Hurricanes can completely re-structure themselves inside, and that presents forecasters with great uncertainty when predicting their effects on the general population.
Recently, scientists used data from NASA's Tropical Rainfall Measuring Mission (TRMM) satellite to analyze transformations that take place inside a hurricane. Stephen Guimond, a graduate research assistant at Florida State University, Tallahassee, Fla., lead a study that used TRMM data to view the height at which ice melts near the core of several tropical cyclones (the generic name for hurricanes or tropical storms), including Hurricane Ophelia in 2005.
"The temperature structure of a tropical cyclone is directly related to a storm's wind speed and rainfall, which indirectly affects the storm surge," Guimond said. It is important to monitor a storm's thermal structure because this information assists meteorologists in estimating the impact on threatened areas of high winds, flash flooding and large storm surge.
Many tropical cyclones transform into what are called "extra-tropical storms" as they move northward out of the tropics and into the mid-latitudes. During this stage, the storm's cloud structure and high winds spread out over a wide area. As a result, the potential for heavy rainfall and large storm surge increases far from the center, potentially affecting life and property of more areas in the hurricane's path.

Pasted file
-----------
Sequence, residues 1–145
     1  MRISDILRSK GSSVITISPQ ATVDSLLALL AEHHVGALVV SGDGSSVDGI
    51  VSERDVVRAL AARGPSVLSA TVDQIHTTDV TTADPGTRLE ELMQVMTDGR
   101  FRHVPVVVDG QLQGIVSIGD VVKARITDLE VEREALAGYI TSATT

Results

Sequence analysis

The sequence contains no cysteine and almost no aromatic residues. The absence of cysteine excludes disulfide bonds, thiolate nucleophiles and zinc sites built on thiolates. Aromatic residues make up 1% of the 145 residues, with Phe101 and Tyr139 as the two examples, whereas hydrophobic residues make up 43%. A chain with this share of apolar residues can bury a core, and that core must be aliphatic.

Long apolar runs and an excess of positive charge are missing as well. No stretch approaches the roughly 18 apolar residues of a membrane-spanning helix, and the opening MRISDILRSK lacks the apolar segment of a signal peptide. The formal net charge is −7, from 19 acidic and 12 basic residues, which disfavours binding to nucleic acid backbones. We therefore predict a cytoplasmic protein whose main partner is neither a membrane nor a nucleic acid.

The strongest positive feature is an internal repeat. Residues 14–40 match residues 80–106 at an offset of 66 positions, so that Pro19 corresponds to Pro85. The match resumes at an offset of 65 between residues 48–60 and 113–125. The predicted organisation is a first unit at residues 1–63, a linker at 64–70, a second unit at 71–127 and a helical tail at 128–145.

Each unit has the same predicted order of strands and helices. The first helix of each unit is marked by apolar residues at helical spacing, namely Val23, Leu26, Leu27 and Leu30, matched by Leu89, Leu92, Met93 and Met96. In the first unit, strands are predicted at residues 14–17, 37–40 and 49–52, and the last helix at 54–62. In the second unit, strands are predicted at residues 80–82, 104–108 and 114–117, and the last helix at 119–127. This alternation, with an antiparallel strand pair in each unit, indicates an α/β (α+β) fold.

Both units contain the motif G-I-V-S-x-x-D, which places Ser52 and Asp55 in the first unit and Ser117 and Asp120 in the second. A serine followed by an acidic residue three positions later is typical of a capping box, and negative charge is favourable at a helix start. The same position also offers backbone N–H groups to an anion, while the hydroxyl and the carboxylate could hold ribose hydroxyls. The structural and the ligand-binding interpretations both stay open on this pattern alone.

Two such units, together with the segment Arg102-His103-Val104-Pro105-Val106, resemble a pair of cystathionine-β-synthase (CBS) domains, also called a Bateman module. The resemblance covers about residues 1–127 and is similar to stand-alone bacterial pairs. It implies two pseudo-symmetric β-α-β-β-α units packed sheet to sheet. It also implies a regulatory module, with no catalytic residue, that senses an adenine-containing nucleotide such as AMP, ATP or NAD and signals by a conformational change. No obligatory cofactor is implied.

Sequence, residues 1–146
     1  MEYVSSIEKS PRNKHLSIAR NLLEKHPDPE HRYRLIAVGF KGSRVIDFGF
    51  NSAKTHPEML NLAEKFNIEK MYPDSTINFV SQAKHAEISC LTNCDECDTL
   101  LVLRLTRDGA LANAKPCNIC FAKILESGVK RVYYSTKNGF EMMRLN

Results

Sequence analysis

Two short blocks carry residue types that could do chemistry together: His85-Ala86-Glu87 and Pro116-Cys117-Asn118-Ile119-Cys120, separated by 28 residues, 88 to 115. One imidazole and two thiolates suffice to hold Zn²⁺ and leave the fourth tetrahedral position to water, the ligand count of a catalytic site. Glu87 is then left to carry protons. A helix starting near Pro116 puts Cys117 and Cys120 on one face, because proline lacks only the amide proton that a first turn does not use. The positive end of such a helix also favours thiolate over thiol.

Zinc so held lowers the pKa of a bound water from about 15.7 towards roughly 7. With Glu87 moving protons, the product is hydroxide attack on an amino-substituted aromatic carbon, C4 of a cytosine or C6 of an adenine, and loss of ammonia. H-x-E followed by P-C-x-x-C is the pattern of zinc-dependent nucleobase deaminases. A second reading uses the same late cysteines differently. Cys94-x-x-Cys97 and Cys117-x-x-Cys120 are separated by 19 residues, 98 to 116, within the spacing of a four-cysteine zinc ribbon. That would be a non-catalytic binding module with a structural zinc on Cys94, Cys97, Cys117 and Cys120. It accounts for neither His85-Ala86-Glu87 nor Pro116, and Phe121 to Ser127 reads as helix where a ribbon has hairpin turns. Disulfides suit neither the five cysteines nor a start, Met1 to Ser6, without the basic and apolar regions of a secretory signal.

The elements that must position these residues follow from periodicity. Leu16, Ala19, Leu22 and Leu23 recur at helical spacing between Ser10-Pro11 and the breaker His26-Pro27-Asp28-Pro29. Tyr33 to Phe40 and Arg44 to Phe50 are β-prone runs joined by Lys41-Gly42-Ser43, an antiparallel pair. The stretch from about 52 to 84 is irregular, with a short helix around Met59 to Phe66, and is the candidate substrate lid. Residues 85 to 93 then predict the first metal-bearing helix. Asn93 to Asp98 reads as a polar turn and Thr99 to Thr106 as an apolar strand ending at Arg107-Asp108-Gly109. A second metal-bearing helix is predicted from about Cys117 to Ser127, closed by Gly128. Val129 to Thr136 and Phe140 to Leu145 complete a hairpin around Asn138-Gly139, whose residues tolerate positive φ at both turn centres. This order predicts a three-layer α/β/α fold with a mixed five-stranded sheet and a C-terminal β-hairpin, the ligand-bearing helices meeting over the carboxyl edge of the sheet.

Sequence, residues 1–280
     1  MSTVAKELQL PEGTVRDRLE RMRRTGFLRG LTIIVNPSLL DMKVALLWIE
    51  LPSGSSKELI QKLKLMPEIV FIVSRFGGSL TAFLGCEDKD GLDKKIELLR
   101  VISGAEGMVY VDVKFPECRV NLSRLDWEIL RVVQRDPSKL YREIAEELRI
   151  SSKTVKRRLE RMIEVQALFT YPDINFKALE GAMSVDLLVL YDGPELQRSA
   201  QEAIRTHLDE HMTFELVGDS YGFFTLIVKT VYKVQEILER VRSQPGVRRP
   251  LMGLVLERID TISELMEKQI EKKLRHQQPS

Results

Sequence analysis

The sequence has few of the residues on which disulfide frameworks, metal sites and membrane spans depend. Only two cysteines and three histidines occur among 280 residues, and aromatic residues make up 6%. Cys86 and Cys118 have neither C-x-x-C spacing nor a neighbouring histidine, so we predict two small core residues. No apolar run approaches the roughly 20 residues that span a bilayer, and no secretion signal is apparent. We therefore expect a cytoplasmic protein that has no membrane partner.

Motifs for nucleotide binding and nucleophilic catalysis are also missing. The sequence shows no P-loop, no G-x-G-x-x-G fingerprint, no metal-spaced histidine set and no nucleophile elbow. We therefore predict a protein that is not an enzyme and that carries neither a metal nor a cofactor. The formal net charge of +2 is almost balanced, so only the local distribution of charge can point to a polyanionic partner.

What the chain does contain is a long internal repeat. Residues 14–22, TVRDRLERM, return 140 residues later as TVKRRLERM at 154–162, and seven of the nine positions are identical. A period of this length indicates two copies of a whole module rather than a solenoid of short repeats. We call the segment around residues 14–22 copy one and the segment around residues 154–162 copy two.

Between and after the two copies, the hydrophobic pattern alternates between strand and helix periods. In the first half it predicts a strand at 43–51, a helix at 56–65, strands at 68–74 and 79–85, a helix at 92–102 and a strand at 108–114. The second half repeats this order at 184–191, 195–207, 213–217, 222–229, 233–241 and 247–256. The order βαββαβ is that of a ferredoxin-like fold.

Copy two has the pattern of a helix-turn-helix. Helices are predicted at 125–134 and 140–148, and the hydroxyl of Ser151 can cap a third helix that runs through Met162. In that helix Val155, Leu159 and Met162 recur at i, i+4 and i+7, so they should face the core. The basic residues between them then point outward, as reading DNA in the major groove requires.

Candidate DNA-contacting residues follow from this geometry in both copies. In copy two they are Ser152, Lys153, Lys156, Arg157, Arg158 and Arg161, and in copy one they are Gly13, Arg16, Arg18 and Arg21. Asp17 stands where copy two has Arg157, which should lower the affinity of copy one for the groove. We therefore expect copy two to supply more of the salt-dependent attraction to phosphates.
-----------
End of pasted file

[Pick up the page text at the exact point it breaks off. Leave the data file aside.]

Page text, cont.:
When Guimond and his colleagues at the Naval Research Laboratory in Monterey, Calif. looked at the data from TRMM's Precipitation Radar instrument, they could see the temperature changes inside a tropical cyclone. One piece of information that gave researchers a clue that a storm was becoming extra-tropical was that ice particles, which are found high up in the cold regions of thick clouds surrounding the eye of the storm, melted at lower levels. Usually, when a tropical cyclone is still in the "tropical stages," ice particles melt higher in the clouds.
By analyzing when and where ice particles are melting in tropical cyclones, researchers can better understand the various stages of an extra-tropical storm. This knowledge will help scientists re-create storms on computer forecast models, which can assist in the forecasting of future tropical cyclone transformations.
There is another benefit to using the data from NASA's TRMM radar. Guimond said that the thermal or heat data inferred from the satellite reveals information on storm intensity and also gives clues about how a storm formed. This will help hurricane forecasters and researchers gain a better sense of how the tropical cyclone will develop in the future.
These findings were presented at the American Meteorological Society's 86th Annual Meeting in Atlanta.
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